And, he said, a driver might feel a bit more relaxed while traveling with PSM on board, and that sense of calm could help a driver's reaction in an emergency situation. "You can react better because not all your muscles are cramped," Herold said.

Indeed, Bob Carlson, general manager of public relations at Porsche Cars North America Inc., noted that PSM, the Carrera 4's standard 4-wheel-drive system, and standard frontal and side airbags all help make this "the best handling and safest 911 ever built."

One important note, though: PSM won't defy the laws of physics, so you can't go driving irresponsibly and expect PSM to rescue you.

Other new features
The Carrera 4 is also the first Porsche with an electronic gas pedal, known as E-gas. In this setup, a sensor at the pedal sends a signal to a computer, and the computer tells the throttle what the driver is requesting. E-gas helps reduce emissions and improves fuel economy, Herold explained.

And, for the first time, buyers of 4-wheel-drive Carreras can choose a 5-speed automatic transmission. It's Porsche's Tiptronic S system that lets drivers decide if they want to shift manually, without a clutch pedal, from gear to gear. The shift buttons are on the steering wheel. A 6-speed manual is also offered.

Powered by all four wheels
Of course, you can't talk about the Carrera 4 without noting the permanent 4-wheel-drive system. In normal driving, about five percent of the power is sent to the front wheels. This, combined with the positioning of the 3.4-liter 296-horsepower six cylinder at the rear, makes for Porsche's rear-dominant handling characteristics.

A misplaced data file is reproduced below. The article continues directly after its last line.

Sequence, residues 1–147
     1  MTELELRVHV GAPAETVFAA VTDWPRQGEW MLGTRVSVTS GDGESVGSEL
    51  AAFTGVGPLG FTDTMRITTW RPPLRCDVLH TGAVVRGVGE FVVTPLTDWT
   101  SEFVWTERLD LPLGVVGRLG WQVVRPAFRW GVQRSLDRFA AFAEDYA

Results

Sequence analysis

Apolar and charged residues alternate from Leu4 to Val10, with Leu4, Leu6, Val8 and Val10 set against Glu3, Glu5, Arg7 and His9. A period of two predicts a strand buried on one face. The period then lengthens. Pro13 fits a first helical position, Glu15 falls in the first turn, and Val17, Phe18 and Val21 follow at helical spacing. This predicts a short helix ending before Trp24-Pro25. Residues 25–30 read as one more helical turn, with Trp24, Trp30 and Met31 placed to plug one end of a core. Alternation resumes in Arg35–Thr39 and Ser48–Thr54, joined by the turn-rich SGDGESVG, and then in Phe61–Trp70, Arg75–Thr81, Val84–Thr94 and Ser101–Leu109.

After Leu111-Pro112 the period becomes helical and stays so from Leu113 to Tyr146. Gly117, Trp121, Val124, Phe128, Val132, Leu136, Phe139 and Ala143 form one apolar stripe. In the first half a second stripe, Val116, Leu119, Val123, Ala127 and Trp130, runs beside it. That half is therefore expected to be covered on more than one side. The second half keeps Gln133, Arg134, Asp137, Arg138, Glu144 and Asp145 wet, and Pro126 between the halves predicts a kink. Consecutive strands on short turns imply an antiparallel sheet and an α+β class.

But if a rear wheel slips, up to 40 percent of the power can be transferred automatically to the front wheels, helping give this sports car better traction than most. Porsche uses a viscous clutch to control the power transfer from rear to front. In the 1999 Carrera 4, the viscous clutch is moved from the transmission and is now integrated into the front differential casing. Porsche noted this relocation improves the weight distribution of the car—an important attribute for a sports car.

Same updated styling
Externally, there's not much to differentiate the 4-wheel-drive Carrera from 2-wheel-drive 911s. It gets special, 17-inch standard tires, distinctive-looking, gray brake calipers and different badging. Inside, it benefits from the same, smart, interior ergonomics as the 2-wheel-drive 911s.

The two front seats feel roomier than in previous 911s', and the instrument gauges have a modern, Porsche Boxster-style arrangement. Glossy black buttons set off the sporty feel of this car, which is wrapped in Porsche's familiar, sleek, sports-car body.

But the inside is still small, and while there are two seat-like spots in the rear, they're really more like holding places for briefcases, bags and other stuff. Compared to the already cramped trunk of the 2-wheel-drive models, the C4's trunk also suffers a bit, losing about 1.5 cubic feet due to extra 4-wheel-drive mechanicals.

The Carrera 4 comes in two body styles—coupe and cabriolet. Thankfully, PSM is standard in both.


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BB02 - 9/20/2014 3:39:25 PM